All sorts of studies have been done on both schools, but what about any of the viable alternatives suggested at the various meetings? Instead of snap judgements, shouldn’t long-term plans be created that will consolidate the schools in a way that will provide economy of scale, while at the same time increase the educational experience?
If indeed, “the information favours closure of SCITS,” why doesn’t the board present ALL that information in a clear and public format that would help us better understand its position?
Each of the city’s high schools has its own culture. SCITS has developed the reputation as a school where music, art, and drama flourishes. School board chair Jane Bryce states, “We don’t close schools. We close buildings.” If she closes SCITS but doesn’t add amenities like the theater to St. Clair, than not only has she closed a school, she will not be, in her own words, “giving every student in the system a good educational experience.”
I also take exception to her statement, “… I wish parents could model good acceptance of change for their children … When parents become extremely upset with change, their children will see that.”
How can parents not be upset when decisions are made for their kids that only look at financial reasons? I am proud of those who stood up to fight for SCITS’ survival. Our kids need to be shown, not just taught, what it means to stand up for something you believe in. For far too long, our Canadian culture has been to roll over and take it, rather than fight for what is right.
One last point; it seems both local school boards are always ready to change names when consolidating schools. In this case, I heard what I thought was one of the best compromises you could ever have: SCITS (St. Clair Institute and Technical School).
Native plants create a healthy garden
Sir: Now that the weather is warming up, many gardeners are planning their gardens.
Unfortunately, most people are planning to plant the same old plants they plant every year, and in doing so they are doing the environment a serious injustice.
Because foreign plants from all over the world are planted, the vast majority of plants, shrubs, and trees in Ontario are not native. As a result, the vegetation cannot support insects, and the entire ecosystem is highly stressed.
I am currently working to return my yard to the natural landscape that was in Ontario centuries ago. If you ask at your local nurseries, many of them have a native plant area.
The variety and beauty of these plants will impress you. I encourage gardeners everywhere to help reclaim our natural habitat for a healthier world.
David J. Nichols
Slow justice in email scandal
Sir: It took the OPP close to two years to investigate the deleted emails with respect to the Liberal government’s $1.1-billion gas plant scandal.
At LONG last, criminal charges against a Liberal party fundraiser, Gerry Lougheed, Jr. and deputy chief of staff Laura Miller were laid.
Since then, the only article I’ve come across relating to one of the accused was that Laura Miller was getting a position with the Liberals in B.C. Could it be because she took the “rap?” Surely, nobody is so naive as to believe the two accused did this without direction from certain politicians who managed to stay clear of charges.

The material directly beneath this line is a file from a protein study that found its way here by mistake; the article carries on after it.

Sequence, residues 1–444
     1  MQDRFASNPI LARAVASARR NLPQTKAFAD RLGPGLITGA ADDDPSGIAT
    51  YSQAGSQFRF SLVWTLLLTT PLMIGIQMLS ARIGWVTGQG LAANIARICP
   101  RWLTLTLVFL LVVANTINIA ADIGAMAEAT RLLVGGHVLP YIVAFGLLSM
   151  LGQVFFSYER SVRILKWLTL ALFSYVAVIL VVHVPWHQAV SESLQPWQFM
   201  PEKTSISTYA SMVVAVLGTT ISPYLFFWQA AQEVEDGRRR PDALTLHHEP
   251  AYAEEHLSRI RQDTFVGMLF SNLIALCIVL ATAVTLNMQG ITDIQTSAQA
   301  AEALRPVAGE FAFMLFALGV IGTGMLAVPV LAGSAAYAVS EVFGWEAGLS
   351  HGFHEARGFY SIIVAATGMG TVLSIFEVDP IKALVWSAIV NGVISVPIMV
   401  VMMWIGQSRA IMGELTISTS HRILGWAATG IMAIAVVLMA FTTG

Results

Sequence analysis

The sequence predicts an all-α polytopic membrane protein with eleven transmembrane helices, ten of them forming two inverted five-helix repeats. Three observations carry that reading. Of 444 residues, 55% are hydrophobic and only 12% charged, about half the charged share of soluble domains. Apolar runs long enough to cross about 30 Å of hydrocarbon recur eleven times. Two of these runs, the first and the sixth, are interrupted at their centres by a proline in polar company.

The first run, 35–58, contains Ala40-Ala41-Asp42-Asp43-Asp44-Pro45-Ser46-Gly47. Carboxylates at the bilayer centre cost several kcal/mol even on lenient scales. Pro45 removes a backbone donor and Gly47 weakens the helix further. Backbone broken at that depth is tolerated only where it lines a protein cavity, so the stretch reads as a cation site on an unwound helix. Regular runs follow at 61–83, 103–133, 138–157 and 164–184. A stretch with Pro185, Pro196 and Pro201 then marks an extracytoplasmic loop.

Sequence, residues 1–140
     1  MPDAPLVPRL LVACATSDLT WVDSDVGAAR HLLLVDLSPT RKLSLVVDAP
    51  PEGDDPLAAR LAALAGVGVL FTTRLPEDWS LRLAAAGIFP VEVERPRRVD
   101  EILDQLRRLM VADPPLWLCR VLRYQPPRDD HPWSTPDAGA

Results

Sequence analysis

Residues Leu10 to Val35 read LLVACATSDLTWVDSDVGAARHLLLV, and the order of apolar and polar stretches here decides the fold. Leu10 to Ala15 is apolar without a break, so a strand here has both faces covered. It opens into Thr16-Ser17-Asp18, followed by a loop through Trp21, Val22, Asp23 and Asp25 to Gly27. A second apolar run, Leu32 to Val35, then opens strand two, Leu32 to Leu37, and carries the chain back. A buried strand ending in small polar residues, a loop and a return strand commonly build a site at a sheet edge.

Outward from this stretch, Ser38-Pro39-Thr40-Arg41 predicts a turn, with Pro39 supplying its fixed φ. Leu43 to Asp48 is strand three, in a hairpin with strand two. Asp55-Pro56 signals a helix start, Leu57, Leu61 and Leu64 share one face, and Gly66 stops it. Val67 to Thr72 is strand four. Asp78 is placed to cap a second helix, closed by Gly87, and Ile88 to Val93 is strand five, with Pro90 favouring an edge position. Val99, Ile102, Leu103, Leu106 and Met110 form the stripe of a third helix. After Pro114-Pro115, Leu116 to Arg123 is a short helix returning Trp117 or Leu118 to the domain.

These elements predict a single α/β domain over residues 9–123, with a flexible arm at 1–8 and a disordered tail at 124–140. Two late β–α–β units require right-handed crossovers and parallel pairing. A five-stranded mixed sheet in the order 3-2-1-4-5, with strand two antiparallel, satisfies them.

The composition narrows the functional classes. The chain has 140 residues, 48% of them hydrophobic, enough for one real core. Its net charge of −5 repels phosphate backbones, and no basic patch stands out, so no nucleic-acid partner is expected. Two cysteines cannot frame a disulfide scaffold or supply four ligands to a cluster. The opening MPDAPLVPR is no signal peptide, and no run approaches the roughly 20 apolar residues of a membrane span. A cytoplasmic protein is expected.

The public has the right to know the status of the case against these two Liberals and what the charges against them stated.
The abnormally long investigation done by the Ontario Provincial Police would seem to be a conflict of interest since they sponsored an ad for the Liberals in the last provincial election.
An impartial body ought to have conducted the investigation. This may have resulted in a more timely and appropriate outcome. As with other Liberal scandals, it will be dragged on and on, hoping people will forget and it will go away.
City should fly the Franco-Ontarien flag
Sir: Sarnia is a city that is alive with history. However, the founding of Sarnia, and its first permanent inhabitants, French-Canadian habitants, are stories that receive little attention or recognition. I believe that it is time for this to be rectified.
The legacy of our French-Canadian past warrants recognition. After all, virtually every facet of the development of French-Canada, and Nouvelle-France, would shape the City of Sarnia.
French exploration would lead to trade and settlement. Their diplomacy would lead to a fruitful relationship and alliance with the first nations of the region, the Ojibwa, Odawa, and Potowatami, today serving as a powerful reminder of the importance of dialogue with our first peoples.
It was the habitants of Lower Canada (Bas Canada) that would permanently settle Sarnia. Settling along the banks of the St. Clair River, voyageurs working from companies in Montréal founded a settlement called Les Rapides, named for the strong current at the mouth of the St. Clair River. Indeed, during the war of 1812, it was French-Canadian Voltigeurs, or irregular militias, that would defend the banks of the St. Clair River against American aggression.
Today, French-language schools, cultural groups and businesses function in Sarnia. They represent Sarnia’s founding, and the vibrancy and diversity of its future. These original French-Canadian settlers of Sarnia, their descendants, and the thousands of Sarnians who live, study and work in French today all deserve recognition in the civic life of the city that they helped found.
The green and white flag of Franco-Ontariens, adopted by the provincial government in 1975, proudly flies over cities like Pain Court in Chatham-Kent, and Stoney Point (Pointe-aux-Roches) in Windsor-Essex. We would therefore ask that the City of Sarnia fly the Franco-Ontarien flag alongside the others presently adorning city hall, to celebrate the founding of this city, nearly four centuries of continued Francophone presence in Sarnia, and the future of the Franco-Ontarien community in the region.
Given the contributions of French-Canadians to Sarnia, I would say this flag is more than warranted.